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The simplest white sourdough bread

If you've always wanted to make sourdough but are afraid to try, this is the recipe for you! Because of its high hydration, this loaf is simple to make with a hand-held mixer and dough hooks. It uses only the simplest ingredients (flour, salt and water) and tastes delicious. The texture is chewy and the crust is crisp. It smells delectable when it comes out of the oven. The recipe is adapted from Sam & Sam Clark's fabulous book, Moro: The Cookbook.

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Stage 1

Ingredients (to make 2 loaves)

250g Sourdough starter (167% hydration, i.e. fed with 150g flour and 250ml water)

450g Unbleached strong white bread flour, preferably organic

700ml Water


Using a mixer with a dough hook, combine the flour, water and starter until more or less smooth. Transfer to a larger bowl if the mixture comes above two-thirds, for it will rise a little bit. Cover and leave for several hours or overnight.

Stage 2


450g Unbleached strong white bread flour, preferably organic

2-3 tsp Fine sea salt, depending on how sour the dough is


Add the flour and salt to the bowl of dough that has been resting overnight and beat using a mixer with a dough hook for about 5 minutes until more or less smooth and elastic. While the dough rests for 5–10 minutes, oil two rectangular bread tins, roughly 22 cm long by 11 cm wide and 6.5 cm high, then dust the inside generously with flour. Beat the dough again for another minute.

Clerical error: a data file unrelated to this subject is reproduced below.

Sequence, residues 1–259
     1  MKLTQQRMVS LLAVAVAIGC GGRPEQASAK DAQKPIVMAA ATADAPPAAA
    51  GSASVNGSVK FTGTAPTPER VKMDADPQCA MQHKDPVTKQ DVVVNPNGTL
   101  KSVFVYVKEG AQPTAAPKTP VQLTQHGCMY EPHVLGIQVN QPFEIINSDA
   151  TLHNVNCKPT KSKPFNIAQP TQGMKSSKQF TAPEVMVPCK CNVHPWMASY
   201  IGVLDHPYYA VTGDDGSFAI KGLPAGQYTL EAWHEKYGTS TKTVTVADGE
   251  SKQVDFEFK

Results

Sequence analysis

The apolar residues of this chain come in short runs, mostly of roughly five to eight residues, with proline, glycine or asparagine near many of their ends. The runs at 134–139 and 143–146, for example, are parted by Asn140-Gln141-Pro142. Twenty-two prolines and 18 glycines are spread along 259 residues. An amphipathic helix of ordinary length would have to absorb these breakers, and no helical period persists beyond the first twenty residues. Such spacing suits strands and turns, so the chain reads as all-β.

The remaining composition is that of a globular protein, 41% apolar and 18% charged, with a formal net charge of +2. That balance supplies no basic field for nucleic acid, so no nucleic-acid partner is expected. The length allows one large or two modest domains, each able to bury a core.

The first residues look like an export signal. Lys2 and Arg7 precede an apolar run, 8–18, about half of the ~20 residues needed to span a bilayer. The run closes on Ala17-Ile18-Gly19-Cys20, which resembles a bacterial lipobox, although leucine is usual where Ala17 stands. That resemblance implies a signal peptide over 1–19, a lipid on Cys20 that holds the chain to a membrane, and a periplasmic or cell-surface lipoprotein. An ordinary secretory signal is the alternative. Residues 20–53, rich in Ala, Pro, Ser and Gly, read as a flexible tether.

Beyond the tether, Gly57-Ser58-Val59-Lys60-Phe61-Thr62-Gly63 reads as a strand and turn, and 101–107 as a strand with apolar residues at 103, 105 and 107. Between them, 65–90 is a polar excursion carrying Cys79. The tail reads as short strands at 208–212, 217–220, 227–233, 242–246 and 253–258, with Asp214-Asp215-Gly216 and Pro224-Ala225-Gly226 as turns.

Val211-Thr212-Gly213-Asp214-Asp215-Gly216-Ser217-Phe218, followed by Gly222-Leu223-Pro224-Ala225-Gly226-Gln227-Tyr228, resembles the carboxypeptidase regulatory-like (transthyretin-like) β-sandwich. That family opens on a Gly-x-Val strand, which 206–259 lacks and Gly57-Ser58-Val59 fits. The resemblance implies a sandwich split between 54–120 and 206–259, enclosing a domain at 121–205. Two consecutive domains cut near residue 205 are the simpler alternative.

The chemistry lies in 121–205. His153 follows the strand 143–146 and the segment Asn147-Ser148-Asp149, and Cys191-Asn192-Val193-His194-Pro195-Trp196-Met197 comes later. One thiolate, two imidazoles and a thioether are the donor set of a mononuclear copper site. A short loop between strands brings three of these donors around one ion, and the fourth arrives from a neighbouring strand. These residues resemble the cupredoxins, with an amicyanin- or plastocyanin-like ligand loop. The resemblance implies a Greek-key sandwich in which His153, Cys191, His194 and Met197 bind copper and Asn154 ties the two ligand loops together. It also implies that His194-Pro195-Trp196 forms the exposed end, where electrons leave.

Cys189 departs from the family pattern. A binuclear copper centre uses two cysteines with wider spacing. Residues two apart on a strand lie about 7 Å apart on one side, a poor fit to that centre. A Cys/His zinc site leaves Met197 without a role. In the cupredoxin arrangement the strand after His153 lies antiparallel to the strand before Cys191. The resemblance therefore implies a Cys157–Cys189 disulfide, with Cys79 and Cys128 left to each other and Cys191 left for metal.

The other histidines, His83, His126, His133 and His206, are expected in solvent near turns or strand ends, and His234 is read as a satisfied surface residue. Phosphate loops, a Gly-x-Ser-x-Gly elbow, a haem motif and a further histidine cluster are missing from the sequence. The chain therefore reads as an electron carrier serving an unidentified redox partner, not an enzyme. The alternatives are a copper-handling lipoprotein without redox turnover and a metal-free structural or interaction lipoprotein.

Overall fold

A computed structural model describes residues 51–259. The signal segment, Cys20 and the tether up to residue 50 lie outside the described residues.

Divide the dough and fill each tin just over half, but no more than two-thirds, full. Dust the tops with more flour. Depending on the room temperature and activity of the starter, the dough will need 3-5 hours to prove until increased in size by a third at least, or until it has risen just over the top of the tins. To see if it is ready, press your hand gently on top of the dough. It should feel light and airy.

Stage 3

When the dough is roughly in its last hour of rising, preheat the oven to 230 °C/450 °F/Gas 8. When the oven is up to temperature and you are satisfied the dough has risen sufficiently, place the tins on the middle shelf. Bake for 30 minutes before removing the bread from the tins and baking for a further 10-15 minutes. If the bread has formed a good hard crust and has browned it is ready. To make extra sure, tap the bottom, which should feel hollow. Transfer to a cooling rack and leave until completely cool. It is always tempting to cut the bread before it has totally cooled, but if you do, the steam will be released and change the texture. Bread with a perfect texture should have even holes and a glossy look to it. If your bread is split or cracked in any way, then it means it had not quite proved enough.

Added by: A Fermenter

Tags: Bread White Sourdough

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